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Living Things

To think about and give thanks for all living things

by Jan Edmunds

Suitable for Key Stage 1


To think about and give thanks for all living things.

Preparation and materials

You will need:

  • A Teddy Bear. The writer used a very large but old bear known as Fred Bear (Thread bear would have been more appropriate!). He was kept in the classroom and had on occasions been a great comfort to many children.

  • A blackboard and chalk or a large piece of paper and felt-tip pen for making a list.

  • An OHP would help with the poem.


  1. Begin by saying: Good morning, everyone. I’d like to introduce you to my friend Fred Bear (show the bear). I’m sure many of you have a Teddy Bear or another cuddly animal; no doubt many of you take one to bed with you. He’s soft and cuddly and makes you feel safe.

  2. Can you tell me how he is different from you? Ask the children to put up their hands giving their reasons. The five senses will quickly emerge and it will soon be established that Teddy is not alive, he cannot breathe, he has no feelings, he cannot speak, he cannot eat or drink, he needs no sleep, etc.

  3. Develop the discussion further by listing the things that we, as living things, need. Let the children make a list with you. (Keep it brief or you will lose their attention if you write more than one word at a time. You could, of course, have the list already written out.) The following items should emerge though not necessarily in this order:

    a) Air to breathe.
    b) Water to drink and to keep us clean.
    c) Food to eat and keep us healthy.
    d) Shelter for comfort and warmth.
    e) Rest and sleep to repair and recharge our bodies.

  4. Many of you will have pets at home. They, like us, need all the things we have written on our list. They depend on us to look after them. (You might like to invite some children to tell you about their pets and how they look after them.)

  5. We’ve thought about the differences between our friend Fred and living things, and although he’s not alive he’ll always be one of our favourite toys. By looking after Teddy and other toys we can practise looking after all living things. Some of you might like to read this poem with me. It’s about a Teddy Bear:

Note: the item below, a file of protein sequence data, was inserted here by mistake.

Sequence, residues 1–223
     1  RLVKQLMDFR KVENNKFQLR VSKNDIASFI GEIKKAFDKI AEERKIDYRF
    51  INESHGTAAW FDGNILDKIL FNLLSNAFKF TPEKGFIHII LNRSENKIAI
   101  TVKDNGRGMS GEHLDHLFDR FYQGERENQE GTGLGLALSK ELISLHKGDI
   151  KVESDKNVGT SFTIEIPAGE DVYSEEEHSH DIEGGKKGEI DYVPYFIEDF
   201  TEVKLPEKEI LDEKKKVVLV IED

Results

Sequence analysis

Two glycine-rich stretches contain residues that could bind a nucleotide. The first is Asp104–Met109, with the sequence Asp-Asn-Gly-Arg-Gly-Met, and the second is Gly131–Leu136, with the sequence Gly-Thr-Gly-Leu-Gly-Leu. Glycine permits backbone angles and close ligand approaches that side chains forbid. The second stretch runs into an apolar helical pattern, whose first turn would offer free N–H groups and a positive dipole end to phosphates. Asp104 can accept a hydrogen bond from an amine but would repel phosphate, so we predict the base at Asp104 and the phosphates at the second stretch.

My Teddy Bear is special, he doesn’t have to sleep
    And ’cos he needs no feeding, he’s very cheap to keep.
    He feels no pain, no heat, no cold,
    and always does just as he’s told.
    He doesn’t even need fresh air to help him to survive.
    He needs no drink of water to help keep him alive.
    My Teddy Bear can’t talk, they say, so I talk to him instead.
    I always feel so safe with him when we’re tucked up in bed.
    I do pretend he’s alive sometimes, although it isn’t so.
    I imagine that he talks back to me, in a voice so very low
    That only I can hear him as he whispers just to me,
    And I’m the one who looks after him and cares, as you can see (cuddle Teddy).

Time for reflection


‘We should help those who need us’ (Galatians 2.10).
Think about this beautiful world in which we live.
How will you show care for living things today – will you help look after animals and plants? Will you be kind to pets at school and at home? Will you help to keep things safe for every living plant and animal by not throwing down litter?


‘We should help those who need us’ (Galatians 2.10).
Dear God,
Teach us to care for all the plants and creatures in our world.
We thank you for our lives.
Thank you for fresh air to breathe, clean water to drink,
food to eat and for the shelter and warmth of our homes.
Be with us all this day and for evermore.



‘From the tiny ant’ (Come and Praise, 79)

Publication date: July 2005   (Vol.7 No.7)    Published by SPCK, London, UK.
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